Family in snow A\J

Snowy Safaris

Getting bored of winter? Try these outdoor activities, or escape indoors with IMAX or exhibits in a city near you.

Winter’s here but you don’t need to hibernate! Celebrate wildlife with these family-friendly indoor and outdoor activities.

Winter’s here but you don’t need to hibernate! Celebrate wildlife with these family-friendly indoor and outdoor activities.

Explore Winter Wonderlands

Where the wild things went. Figure out who frequents your local trail or backyard by analyzing tracks in fresh snow. Keep an eye out for hair caught on fences or twigs, wing prints, owl pellets and scat (aka. poop) as well. Take a sandwich bag to store mysterious objects for further study.

Scavenger hunt. The sparseness of winter reveals details that go unnoticed other times of year. Go for a nature walk and see how many nests, berries, cloud types and birds you can spot. You can even print off a checklist and challenge yourself. [Checklist 1] [Checklist 2]

Build snow buddies. Snow people are so passé! When the snow reaches the perfect stickiness, craft your favourite critter instead. Add twigs, stones and bark to create hair, eyes and other features and spray on diluted food colouring to bring your masterpiece to life. Here are some examples to inspire you: shark, sea turtle, porcupine.

Feed the birds. Install a feeder in your yard and keep it well stocked to help neighbourhood birds thrive throughout the winter. Your efforts will be rewarded with great opportunities to view and photograph visitors at close range. Here are some tips to get you started. You can also register for Project FeederWatch and submit your observations to help scientists study winter bird populations.

Build a shelter. Just like us, animals need places to hide out from the cold. Build a brush pile or simply relocate a used Christmas tree to your backyard to provide refuge for reptiles, amphibians and small mammals. A roosting box is a great place for birds to hide out when the worst weather hits.

Observe feathered friends: Spend a day viewing the magnificent creature of the bird. There are a variety of bird species in the Canadian wilderness to watch out for. Go on a birdwatching tour to see as many as you can.

Ask an expert. See what’s happening at your local park, nature centre or conservation authority. Guided hikes, workshops and other programs are often available year-round. For example, the Police Point Park Nature Centre in Medicine Hat, AB, offers art and natural history exhibits as well as a StoryWalk program. On the other side of the country, kids can learn to cross-country ski through the Jackrabbit program at Alma, NB’s Fundy National Park.

Run with the wolves: Cruise through winter wonderlands by going dogsledding. See the freshly fallen snow on pine trees, and the beautiful forest landscape. Adventurous souls can even partake in multiple day expeditions.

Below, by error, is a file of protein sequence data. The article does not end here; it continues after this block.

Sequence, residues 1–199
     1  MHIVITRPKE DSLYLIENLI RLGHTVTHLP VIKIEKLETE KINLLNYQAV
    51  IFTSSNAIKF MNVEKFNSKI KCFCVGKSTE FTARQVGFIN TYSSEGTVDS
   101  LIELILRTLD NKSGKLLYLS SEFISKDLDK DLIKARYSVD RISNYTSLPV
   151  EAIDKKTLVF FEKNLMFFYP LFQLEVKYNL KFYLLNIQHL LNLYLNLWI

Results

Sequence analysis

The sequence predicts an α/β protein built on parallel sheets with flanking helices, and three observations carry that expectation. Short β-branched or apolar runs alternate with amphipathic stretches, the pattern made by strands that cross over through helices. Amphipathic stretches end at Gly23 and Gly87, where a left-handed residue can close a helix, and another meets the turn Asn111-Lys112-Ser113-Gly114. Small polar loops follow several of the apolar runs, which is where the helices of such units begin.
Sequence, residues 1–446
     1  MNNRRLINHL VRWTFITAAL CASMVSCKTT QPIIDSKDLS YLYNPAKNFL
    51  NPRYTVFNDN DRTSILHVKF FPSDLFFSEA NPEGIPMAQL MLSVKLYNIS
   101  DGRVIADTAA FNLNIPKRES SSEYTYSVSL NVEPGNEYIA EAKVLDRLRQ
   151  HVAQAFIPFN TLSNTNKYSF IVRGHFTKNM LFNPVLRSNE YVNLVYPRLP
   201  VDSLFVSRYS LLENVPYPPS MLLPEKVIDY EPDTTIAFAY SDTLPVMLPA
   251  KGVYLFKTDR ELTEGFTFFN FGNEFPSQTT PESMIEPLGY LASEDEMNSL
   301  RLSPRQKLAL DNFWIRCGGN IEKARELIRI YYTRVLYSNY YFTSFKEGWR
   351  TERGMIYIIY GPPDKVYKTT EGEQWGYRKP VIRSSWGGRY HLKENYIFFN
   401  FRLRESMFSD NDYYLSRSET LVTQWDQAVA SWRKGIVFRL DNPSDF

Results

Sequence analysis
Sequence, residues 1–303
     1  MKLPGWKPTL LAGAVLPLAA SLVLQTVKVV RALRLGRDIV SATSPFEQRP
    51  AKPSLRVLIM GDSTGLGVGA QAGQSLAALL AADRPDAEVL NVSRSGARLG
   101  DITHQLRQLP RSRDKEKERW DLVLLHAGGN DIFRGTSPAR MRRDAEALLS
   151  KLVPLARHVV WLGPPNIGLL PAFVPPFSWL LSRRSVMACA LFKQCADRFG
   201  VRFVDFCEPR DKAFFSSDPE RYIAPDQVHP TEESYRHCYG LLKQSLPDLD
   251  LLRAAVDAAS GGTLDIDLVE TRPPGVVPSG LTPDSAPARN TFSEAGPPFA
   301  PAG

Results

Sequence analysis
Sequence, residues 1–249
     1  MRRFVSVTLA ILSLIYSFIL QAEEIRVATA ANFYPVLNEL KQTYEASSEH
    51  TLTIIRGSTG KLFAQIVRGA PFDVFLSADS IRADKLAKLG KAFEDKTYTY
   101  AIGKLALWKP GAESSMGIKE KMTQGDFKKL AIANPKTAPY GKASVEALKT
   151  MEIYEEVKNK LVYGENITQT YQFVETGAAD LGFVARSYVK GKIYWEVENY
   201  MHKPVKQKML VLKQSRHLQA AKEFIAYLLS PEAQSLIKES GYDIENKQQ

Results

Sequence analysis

Toss a line: Throw your bait in the water to catch some swimmers. Check out these Saskatchewan fishing hot spots to reel in the finest fish.

Escape the Cold

IMAX theatres – Across Canada. Travel the world and experience wildlife in its natural habitat, all from the comfort of your chair. Nature flicks playing now include: Journey to the South Pacific. Island of Lemurs: Madagascar and To The Arctic, Find a theatre near you and check listings.

Vancouver Aquarium – Vancouver, BC. Experience various exhibits at the Vancouver Aquarium with the clownfish, penguins and frogs.

Royal Ontario Museum – Toronto, ON. Check out the new Wildlife Photographer of the Year exhibit in its 50th year reunion of 100 breathtaking photos of nature and wildlife. The Schad Gallery of Biodiversity allows visitors to experience wildlife from a variety of different ecosystems.

Ontario Science Centre – Toronto, ON. Explore a variety of scientific exhibits. Watch an IMAX film on Lemurs in Madagascar, or help local researchers make an impact with the Research Live program.

Canadian Museum of Nature – Ottawa, ON. Learn about different forms of wildlife through natural history collections. Explore the nature of the Arctic during the Arctic Voices exhibit feature between December 5 – May 3.

Ecomuseum – Ste-Anne-de-Bellevue, QC. Take the kids and let them play the role as a zookeeper for the day. Have breakfast with the animals and get to know them on a more personal level. Book your breakfast on the calendar here.

Biodome – Montreal, QC. A Naturalia Room awaits this season for your kids to learn about plant and animal biodiversity! Meet Biodome’s mascot, Commander Macaw, enjoy a live puppet show and explore interactive exhibits. Don’t forget to say “hi” to the insects, and see how they survive the winter seasons.

Granby Zoo – Granby, QC. Visit the North Pole without crossing the Arctic Circle! This winter festival boasts activities from carnival games to camel rides and exotic species from Amur tigers to Andean condors. Open daily from February 28 – March 8. Open on weekends only from January 10 – February 22 and March 14, 15, 21, 22, 28 and 29.

Know of any great activities or exhibits in the Maritimes? Let us know!

Read the rest of A\J’s Winter Holiday Survival Guide:

Daina is A\J’s LSPIRG Editorial Intern, a Communication Studies student at Laurier, and a reporter for The Cord.

Ellen Jakubowski is a former A\J editorial intern with a BSc in Biology from the University of Guelph and a science communication diploma from Laurentian University. She works as an interpreter at the Cambridge Butterfly Conservatory and blogs about animals in The Wild Side.